October 20, 2016 - 7:00am to October 21, 2016 - 4:30pm
October 19, 2016 - 3:30pm to 4:30pm
Probabilistic regression approaches for downscaling daily temperature and precipitation are very useful. They provide the whole conditional distribution at each forecast step which leads to a better representation of the temporal variability. The question addressed in this study is: how to extend probabilistic regression approaches in multisite and multivariable downscaling tasks. To this end, this study describes a probabilistic hybrid modular structure which merges the probabilistic regression component with a multivariate randomisation component.
October 13, 2016 - 7:00pm to 8:30pm
Join us for a free public talk on "Cool Tools for a Warming World: Engaging Citizens on Climate Change with Powerful Digital Media" hosted by the Collaborative for Advanced Landscape Planning (CALP).
October 11, 2016 - 7:00pm to 9:00pm
October 4, 2016 - 12:30pm to 1:30pm
B.C. has released the much-awaited update to its Climate Leadership Plan. Now what?
October 4, 2016 - 12:00pm to 1:30pm
September 27, 2016 - 12:30pm to 1:30pm
How can climate change mitigation and adaptation strategies work together for a more resilient low-carbon Canada?
Wildlife Ecosystem Resilience in the Context of Climate Change: A Kootenay Case Study with Rod Davis
September 21, 2016 - 3:30pm
September 19, 2016 - 6:00pm to 9:00pm
At the December 2015 Paris climate conference (COP21), 195 countries agreed to reduce their carbon emissions and limit global climate change. While the agreement was ambitious, it also recognized that less developed countries would require more time to begin reducing their emissions. While some question whether it is fair to hold them to the same standard as societies that grew wealthy from carbon-driven industry, it is also clear that many of these countries have the most to lose.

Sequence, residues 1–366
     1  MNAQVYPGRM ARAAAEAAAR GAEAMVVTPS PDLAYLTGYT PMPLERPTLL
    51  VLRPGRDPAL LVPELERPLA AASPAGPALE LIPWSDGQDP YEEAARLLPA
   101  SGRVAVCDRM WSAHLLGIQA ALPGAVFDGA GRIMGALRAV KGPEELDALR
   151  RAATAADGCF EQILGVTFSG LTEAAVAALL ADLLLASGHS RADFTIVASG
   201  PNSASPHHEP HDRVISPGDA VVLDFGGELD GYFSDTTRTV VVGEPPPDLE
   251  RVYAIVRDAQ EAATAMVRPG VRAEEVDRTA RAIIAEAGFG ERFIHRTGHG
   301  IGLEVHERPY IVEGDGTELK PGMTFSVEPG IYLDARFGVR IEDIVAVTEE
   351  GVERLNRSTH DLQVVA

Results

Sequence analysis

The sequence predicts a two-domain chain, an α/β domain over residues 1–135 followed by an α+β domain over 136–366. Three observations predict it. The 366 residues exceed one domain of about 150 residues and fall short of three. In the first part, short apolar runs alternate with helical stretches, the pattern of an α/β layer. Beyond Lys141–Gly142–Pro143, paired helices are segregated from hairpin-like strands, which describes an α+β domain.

July 13, 2016 - 3:00pm
Fossil fuel combustion and associated release of carbon dioxide to the atmosphere is warming Earth. The warming is particularly profound in high northern latitudes but its impacts are global, ranging broadly from insults to human health to distortions of world food prices to an increasing frequency of deluges and floods. Moreover, carbon dioxide emissions are acidifying the sea, with serious pending consequences for marine life including coral reefs. We have a small window of opportunity to slow such changes; a first step must be to remove coal from our energy diet.